The advantages of narrative text, which is defined by the presence of a narrator, are obvious: the author can create new voices, spin new worlds and indulge in what Stephen King calls the "fiction-writer's purest delight, total fabrication." The disadvantages include the blurred line between fantasy and reality that never quite clears.
Advantages in Fiction: Setting, Story and Character
Writers shut themselves off from the world because they are writing their own worlds. Characters, settings and plot lines that never happened and could never happen suddenly are possible, whether the sub-genre is mystery, science-fiction, romance, horror, drama or comedy. People act as the author wishes; settings include elements that occur nowhere in nature. Most importantly, one can shape lives. A man, a woman, a family are threatened, say, by some deadly force; they escape or are rescued by a savior, a last-minute added character, a deus ex machina.
Advantages in Fictional Voice: Truth and Variety
The author might go the way of reality and have his fabricated characters, setting and plot respond realistically -- perhaps the characters aren't rescued, but come to sadly true-to-life ends. Whether realistic or not, however, fiction's greatest advantage is in the writer's voice. Like Jonathan Swift in "A Modest Proposal," he can speak in a voice he might otherwise not possess: cruel, unscrupulous, unaffected, methodical, caring, generous, resourceful, harried, terrified, aroused. The character may be the author's true voice or his opposite, speaking lies; either way, he reflects the author's viewpoint.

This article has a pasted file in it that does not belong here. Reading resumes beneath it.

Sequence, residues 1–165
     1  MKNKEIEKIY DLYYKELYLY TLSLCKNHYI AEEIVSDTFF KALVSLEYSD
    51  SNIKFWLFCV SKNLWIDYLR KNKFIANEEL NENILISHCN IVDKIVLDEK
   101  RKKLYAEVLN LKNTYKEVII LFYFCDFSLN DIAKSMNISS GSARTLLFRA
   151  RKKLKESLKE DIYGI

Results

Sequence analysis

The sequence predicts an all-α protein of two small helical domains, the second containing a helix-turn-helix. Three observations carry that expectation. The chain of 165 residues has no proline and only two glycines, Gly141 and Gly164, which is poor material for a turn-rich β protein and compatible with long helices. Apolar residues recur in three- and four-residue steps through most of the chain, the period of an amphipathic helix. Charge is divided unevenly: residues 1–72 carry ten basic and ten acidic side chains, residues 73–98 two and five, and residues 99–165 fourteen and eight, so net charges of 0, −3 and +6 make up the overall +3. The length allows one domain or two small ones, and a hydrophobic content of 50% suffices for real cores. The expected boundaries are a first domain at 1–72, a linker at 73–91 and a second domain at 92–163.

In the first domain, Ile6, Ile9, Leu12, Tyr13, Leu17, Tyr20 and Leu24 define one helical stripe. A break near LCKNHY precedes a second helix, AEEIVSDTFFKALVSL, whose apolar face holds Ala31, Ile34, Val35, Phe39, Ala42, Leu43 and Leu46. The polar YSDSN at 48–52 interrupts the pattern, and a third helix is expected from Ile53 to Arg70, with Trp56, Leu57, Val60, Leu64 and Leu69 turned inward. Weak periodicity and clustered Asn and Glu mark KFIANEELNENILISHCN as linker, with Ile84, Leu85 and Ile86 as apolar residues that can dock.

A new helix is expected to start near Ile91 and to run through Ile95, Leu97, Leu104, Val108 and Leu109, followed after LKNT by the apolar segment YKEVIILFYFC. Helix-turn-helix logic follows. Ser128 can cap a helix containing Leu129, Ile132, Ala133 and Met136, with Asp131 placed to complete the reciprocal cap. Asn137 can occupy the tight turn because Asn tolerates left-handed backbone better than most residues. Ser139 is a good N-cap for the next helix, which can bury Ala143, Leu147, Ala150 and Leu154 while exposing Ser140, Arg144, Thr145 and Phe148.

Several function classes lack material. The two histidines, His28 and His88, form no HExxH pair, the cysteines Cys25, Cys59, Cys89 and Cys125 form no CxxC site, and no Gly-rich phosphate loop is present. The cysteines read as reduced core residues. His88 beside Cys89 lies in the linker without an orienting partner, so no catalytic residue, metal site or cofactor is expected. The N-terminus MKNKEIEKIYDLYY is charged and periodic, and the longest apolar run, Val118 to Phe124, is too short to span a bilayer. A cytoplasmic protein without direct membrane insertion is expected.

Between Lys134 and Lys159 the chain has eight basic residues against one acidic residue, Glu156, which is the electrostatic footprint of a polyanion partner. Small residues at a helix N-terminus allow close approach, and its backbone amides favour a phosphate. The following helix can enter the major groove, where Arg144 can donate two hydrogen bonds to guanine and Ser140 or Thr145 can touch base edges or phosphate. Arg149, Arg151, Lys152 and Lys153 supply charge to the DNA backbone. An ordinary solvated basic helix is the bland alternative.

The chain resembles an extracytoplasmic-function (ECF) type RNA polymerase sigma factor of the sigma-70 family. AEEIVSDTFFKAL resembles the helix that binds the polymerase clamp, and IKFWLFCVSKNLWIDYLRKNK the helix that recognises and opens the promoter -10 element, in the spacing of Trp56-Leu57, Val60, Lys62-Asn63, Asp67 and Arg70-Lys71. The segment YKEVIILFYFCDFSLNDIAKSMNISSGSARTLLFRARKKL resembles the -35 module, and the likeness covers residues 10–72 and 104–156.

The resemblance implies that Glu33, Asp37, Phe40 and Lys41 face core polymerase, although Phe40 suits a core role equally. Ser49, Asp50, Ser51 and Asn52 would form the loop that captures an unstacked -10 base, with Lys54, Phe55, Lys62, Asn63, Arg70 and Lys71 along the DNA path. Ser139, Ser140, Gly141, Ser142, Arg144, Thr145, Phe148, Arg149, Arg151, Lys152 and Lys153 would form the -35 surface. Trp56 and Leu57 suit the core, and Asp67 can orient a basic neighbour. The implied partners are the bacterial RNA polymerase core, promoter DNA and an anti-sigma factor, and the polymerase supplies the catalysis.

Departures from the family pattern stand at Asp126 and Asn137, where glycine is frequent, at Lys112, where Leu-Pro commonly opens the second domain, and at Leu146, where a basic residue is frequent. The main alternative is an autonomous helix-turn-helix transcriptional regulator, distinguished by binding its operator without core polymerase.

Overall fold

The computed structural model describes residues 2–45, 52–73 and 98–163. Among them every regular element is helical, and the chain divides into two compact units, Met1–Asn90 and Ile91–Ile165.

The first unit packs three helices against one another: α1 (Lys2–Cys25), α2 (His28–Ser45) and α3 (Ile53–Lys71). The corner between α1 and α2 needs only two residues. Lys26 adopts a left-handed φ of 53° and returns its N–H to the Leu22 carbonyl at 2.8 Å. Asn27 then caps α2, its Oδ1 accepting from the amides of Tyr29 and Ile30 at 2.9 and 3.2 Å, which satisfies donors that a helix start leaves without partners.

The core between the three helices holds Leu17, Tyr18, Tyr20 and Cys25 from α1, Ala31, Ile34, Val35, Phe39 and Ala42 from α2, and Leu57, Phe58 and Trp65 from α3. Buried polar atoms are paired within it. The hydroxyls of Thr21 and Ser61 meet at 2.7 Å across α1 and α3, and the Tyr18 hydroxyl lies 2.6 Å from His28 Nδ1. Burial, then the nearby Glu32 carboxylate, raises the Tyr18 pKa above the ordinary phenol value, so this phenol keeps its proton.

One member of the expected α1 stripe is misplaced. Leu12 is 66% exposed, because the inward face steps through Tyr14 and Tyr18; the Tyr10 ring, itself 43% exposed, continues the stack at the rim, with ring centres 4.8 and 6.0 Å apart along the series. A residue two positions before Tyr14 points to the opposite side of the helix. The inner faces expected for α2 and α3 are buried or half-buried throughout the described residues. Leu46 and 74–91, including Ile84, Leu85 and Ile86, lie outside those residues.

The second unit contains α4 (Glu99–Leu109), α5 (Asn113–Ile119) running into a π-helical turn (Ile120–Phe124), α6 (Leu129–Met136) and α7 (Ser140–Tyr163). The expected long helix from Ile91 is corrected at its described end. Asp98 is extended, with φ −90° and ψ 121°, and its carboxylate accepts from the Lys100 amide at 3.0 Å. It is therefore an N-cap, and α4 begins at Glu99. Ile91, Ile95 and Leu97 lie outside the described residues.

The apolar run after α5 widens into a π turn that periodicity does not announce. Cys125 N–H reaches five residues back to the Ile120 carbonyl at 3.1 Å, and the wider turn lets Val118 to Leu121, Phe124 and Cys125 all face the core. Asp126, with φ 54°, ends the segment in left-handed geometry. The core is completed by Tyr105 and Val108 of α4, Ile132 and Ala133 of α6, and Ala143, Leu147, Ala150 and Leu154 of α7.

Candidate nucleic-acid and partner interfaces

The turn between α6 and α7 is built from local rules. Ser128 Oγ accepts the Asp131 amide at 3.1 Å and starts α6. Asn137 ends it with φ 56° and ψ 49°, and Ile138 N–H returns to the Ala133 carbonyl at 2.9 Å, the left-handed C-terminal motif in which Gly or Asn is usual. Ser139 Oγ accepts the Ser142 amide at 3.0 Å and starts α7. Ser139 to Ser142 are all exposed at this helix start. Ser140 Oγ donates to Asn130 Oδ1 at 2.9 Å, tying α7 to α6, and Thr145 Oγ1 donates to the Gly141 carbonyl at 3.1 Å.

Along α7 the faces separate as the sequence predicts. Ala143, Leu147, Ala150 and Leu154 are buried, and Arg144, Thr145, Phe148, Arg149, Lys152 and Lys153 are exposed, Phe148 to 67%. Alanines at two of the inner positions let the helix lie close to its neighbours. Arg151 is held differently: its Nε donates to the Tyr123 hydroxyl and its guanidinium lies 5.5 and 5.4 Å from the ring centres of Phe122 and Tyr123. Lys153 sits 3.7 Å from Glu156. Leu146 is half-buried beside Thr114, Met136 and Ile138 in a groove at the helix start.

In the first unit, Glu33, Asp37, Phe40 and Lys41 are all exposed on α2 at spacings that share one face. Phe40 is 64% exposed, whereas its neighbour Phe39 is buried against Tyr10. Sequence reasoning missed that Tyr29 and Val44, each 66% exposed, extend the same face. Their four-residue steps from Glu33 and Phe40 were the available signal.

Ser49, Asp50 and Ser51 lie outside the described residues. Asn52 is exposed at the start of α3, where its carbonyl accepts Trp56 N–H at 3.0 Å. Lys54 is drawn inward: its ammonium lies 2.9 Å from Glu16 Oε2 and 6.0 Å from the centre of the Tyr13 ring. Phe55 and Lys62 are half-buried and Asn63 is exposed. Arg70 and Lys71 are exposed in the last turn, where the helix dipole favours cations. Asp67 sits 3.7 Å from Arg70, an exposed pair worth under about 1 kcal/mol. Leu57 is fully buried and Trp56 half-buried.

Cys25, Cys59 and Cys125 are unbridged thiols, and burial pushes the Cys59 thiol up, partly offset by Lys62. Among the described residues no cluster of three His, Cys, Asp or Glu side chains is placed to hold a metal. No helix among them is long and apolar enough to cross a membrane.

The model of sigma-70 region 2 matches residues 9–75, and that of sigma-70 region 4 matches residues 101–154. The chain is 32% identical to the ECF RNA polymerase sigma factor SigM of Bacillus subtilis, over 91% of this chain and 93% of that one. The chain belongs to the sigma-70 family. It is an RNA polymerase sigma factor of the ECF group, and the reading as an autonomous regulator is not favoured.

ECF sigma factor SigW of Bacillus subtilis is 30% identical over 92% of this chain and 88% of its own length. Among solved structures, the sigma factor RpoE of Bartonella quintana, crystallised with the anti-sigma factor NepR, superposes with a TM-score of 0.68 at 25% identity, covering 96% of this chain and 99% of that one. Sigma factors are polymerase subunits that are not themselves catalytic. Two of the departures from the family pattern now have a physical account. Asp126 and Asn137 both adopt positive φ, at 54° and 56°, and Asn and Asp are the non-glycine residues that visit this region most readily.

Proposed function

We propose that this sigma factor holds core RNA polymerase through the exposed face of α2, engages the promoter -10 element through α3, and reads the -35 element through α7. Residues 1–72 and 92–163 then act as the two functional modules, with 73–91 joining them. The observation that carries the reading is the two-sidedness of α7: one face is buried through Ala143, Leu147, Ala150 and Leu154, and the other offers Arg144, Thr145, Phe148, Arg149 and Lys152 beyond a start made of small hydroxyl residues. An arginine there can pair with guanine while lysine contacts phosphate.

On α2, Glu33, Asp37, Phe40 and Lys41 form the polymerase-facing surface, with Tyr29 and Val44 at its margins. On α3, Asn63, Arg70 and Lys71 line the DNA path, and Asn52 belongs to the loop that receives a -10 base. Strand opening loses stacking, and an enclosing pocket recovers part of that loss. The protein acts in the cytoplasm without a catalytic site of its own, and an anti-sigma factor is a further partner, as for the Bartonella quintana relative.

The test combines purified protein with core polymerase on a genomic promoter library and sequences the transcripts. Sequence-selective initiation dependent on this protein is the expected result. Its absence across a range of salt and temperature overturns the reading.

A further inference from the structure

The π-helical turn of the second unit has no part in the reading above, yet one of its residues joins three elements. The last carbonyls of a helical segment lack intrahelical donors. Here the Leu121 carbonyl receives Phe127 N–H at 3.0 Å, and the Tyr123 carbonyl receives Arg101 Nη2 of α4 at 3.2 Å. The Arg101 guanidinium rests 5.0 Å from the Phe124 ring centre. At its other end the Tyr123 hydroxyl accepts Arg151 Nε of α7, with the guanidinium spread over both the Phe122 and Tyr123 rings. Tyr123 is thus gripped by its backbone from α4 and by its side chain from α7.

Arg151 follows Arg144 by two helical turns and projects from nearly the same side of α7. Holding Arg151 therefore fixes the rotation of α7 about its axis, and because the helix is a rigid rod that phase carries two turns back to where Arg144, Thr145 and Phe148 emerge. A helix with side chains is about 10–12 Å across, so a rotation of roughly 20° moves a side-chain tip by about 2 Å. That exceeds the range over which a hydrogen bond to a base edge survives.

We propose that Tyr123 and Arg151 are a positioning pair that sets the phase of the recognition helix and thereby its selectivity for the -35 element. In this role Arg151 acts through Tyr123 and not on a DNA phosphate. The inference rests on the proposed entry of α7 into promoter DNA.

The Disadvantage of Narrative: Too Much Truth, Too Soon
By contrast, the main disadvantage in narrative writing is the unspoken bargain between author and reader to stay true to both the truth and the fiction. If the author has a message and puts it into his main character's mouth as he would say it in reality, the character is no longer a person but a mouthpiece, and the author is no longer a writer but a preacher. Truth must be oblique in fiction to register with the reader; Emily Dickinson advised authors telling truth to "tell it slant."
The Blurred Line
This is the blurred line of reality vs. narratives that is fiction's chief liability: it cannot entirely reflect reality. There is more detail in reality than one can include; more twists in real stories than are believable in fiction; more unrelated characters and ideas that just don't "go together." Fiction can create reality, and select from it; nonfiction requires all things to be real.